They take off at first light, reinforced wicker baskets filled with people, heading into the skies over Luxor, Egypt.
Only from a balloon high in the sky, in the clear air of the early morning, can a visitor begin to grasp the beauty of antiquities on the ground in this one-time Egyptian capital known in ancient times as Thebes.
The city in southern Egypt is one of the world's largest outdoor museums, boasting majestic pharaonic temples on the east bank of the Nile River and heavily adorned tombs of some of the best-known ancient kings — including Tutankhamun, the boy king — on the west bank.
The path of the brightly colored balloons is determined by prevailing winds. On the ride, the silence is broken only by the whoosh of the gas burners and the occasional exclamations from tourists awed by the sights.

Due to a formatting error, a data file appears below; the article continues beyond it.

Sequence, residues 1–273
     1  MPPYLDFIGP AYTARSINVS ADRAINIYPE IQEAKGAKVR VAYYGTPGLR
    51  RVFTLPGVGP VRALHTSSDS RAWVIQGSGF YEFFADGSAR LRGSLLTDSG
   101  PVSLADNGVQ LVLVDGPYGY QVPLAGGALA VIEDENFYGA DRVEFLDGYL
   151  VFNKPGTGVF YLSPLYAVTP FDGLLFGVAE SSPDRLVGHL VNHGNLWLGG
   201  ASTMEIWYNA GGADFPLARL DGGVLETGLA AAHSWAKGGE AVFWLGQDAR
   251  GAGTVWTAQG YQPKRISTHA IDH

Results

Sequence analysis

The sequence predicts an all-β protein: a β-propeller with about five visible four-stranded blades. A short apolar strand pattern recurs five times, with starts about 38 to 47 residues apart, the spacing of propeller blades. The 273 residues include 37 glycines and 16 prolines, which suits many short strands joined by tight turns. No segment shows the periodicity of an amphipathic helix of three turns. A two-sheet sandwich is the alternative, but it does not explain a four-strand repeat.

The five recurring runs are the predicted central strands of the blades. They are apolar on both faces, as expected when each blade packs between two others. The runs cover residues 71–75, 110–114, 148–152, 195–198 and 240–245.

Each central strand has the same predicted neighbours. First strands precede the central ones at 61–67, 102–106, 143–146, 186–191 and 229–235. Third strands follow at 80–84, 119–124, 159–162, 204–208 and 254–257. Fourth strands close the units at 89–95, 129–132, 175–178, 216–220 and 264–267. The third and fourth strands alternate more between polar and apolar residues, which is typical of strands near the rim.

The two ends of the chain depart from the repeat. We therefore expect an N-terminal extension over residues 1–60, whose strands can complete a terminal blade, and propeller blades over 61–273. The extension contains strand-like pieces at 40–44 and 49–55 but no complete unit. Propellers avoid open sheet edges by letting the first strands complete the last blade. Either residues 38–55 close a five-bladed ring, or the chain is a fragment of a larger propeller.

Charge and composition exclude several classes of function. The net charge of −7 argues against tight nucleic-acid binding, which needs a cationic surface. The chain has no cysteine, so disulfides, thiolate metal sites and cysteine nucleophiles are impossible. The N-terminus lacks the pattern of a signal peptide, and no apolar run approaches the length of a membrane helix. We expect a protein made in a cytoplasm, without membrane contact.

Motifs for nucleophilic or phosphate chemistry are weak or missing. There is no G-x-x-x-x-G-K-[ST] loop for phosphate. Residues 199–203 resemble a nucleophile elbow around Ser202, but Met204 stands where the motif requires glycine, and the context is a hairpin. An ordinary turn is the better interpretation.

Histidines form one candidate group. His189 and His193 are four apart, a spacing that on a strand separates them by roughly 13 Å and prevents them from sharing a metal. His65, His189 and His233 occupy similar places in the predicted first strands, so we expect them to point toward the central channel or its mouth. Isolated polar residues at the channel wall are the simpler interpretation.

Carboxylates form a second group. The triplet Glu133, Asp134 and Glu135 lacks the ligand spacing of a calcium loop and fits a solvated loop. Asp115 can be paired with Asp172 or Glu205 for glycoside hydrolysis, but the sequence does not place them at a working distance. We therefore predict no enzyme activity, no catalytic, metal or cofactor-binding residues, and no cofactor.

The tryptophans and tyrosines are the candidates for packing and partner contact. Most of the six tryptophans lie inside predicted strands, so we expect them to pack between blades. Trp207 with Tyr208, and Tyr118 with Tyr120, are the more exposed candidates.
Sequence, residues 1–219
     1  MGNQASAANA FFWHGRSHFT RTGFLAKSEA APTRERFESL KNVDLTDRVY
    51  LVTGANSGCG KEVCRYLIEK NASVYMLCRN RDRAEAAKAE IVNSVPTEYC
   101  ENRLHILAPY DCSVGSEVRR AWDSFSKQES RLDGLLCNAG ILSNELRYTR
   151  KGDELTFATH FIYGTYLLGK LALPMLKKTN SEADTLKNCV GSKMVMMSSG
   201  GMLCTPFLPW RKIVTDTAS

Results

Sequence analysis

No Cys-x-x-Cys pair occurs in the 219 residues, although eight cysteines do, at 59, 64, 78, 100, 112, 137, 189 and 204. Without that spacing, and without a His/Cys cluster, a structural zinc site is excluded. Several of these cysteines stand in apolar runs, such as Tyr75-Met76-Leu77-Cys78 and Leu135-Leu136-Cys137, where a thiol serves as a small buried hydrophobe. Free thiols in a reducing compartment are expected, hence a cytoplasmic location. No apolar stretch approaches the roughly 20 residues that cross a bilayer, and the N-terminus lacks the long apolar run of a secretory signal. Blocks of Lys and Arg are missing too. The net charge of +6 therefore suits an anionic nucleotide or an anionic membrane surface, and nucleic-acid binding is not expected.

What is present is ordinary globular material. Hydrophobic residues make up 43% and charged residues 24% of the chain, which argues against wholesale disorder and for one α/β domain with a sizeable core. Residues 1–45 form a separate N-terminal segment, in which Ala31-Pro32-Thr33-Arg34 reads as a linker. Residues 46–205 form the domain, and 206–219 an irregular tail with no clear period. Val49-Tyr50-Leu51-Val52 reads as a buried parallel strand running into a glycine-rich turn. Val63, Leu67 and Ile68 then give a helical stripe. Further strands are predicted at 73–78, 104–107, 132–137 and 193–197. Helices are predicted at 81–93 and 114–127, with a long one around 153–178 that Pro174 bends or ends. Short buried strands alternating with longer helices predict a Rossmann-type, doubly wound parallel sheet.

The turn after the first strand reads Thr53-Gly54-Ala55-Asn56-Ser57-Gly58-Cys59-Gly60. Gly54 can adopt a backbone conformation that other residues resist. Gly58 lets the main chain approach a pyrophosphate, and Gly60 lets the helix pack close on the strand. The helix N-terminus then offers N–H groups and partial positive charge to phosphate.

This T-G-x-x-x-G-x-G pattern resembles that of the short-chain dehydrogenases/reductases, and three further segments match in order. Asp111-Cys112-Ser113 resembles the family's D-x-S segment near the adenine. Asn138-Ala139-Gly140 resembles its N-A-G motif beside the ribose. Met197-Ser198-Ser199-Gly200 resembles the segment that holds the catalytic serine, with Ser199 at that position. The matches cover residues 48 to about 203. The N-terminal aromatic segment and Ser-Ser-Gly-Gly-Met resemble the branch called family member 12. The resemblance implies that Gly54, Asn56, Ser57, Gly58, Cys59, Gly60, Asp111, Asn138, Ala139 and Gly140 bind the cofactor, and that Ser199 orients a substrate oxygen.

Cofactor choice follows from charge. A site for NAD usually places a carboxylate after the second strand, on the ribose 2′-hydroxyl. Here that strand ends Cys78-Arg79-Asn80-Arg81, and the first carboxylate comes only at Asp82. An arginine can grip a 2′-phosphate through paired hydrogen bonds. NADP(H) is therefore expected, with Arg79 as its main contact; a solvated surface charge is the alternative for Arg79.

Yet there may be mixed feelings at takeoff: a healthy dose of adventurism and anticipation about what the short flight will reveal, but also concerns about safety. Three years ago, 19 people died here in a balloon accident. Since then, authorities have imposed rigid regulations on balloon operators, including cancelling flights on bad-weather days and training requirements for pilots.
The ride lasts about 20 minutes, before the pilot begins looking for a safe landing zone. Tourists brace themselves for landing, a usually bumpy affair more akin to a soft crash landing. The details of life in rural Egypt come into view as the balloon begins its descent, with farmers toiling in the fields and children heading to school in the dusty roads of the west bank.
A dedicated ground crew riding a rugged truck tracks each balloon. The trucks maneuver in anticipation of the landing spot. Once the balloon touches down, they hurry to grab ropes to prevent it from taking off again or moving sideways.